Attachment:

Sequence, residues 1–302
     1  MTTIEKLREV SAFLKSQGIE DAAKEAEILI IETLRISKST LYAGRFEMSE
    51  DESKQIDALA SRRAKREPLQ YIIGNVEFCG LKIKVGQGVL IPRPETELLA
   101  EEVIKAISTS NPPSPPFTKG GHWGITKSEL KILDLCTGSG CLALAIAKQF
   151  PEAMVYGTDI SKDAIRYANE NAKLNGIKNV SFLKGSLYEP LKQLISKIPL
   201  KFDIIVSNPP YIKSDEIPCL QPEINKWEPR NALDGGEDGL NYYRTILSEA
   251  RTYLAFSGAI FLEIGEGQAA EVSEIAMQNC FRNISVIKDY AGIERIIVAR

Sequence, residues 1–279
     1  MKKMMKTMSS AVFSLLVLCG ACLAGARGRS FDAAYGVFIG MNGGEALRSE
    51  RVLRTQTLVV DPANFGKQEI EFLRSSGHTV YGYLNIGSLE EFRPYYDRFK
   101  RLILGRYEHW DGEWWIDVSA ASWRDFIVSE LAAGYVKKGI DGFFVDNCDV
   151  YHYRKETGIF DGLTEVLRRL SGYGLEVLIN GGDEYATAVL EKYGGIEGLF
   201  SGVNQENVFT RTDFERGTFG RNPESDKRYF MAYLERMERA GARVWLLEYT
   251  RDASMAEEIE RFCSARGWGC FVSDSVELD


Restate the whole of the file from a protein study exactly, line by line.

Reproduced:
Sequence, residues 1–302
     1  MTTIEKLREV SAFLKSQGIE DAAKEAEILI IETLRISKST LYAGRFEMSE
    51  DESKQIDALA SRRAKREPLQ YIIGNVEFCG LKIKVGQGVL IPRPETELLA
   101  EEVIKAISTS NPPSPPFTKG GHWGITKSEL KILDLCTGSG CLALAIAKQF
   151  PEAMVYGTDI SKDAIRYANE NAKLNGIKNV SFLKGSLYEP LKQLISKIPL
   201  KFDIIVSNPP YIKSDEIPCL QPEINKWEPR NALDGGEDGL NYYRTILSEA
   251  RTYLAFSGAI FLEIGEGQAA EVSEIAMQNC FRNISVIKDY AGIERIIVAR

Sequence, residues 1–279
     1  MKKMMKTMSS AVFSLLVLCG ACLAGARGRS FDAAYGVFIG MNGGEALRSE
    51  RVLRTQTLVV DPANFGKQEI EFLRSSGHTV YGYLNIGSLE EFRPYYDRFK
   101  RLILGRYEHW DGEWWIDVSA ASWRDFIVSE LAAGYVKKGI DGFFVDNCDV
   151  YHYRKETGIF DGLTEVLRRL SGYGLEVLIN GGDEYATAVL EKYGGIEGLF
   201  SGVNQENVFT RTDFERGTFG RNPESDKRYF MAYLERMERA GARVWLLEYT
   251  RDASMAEEIE RFCSARGWGC FVSDSVELD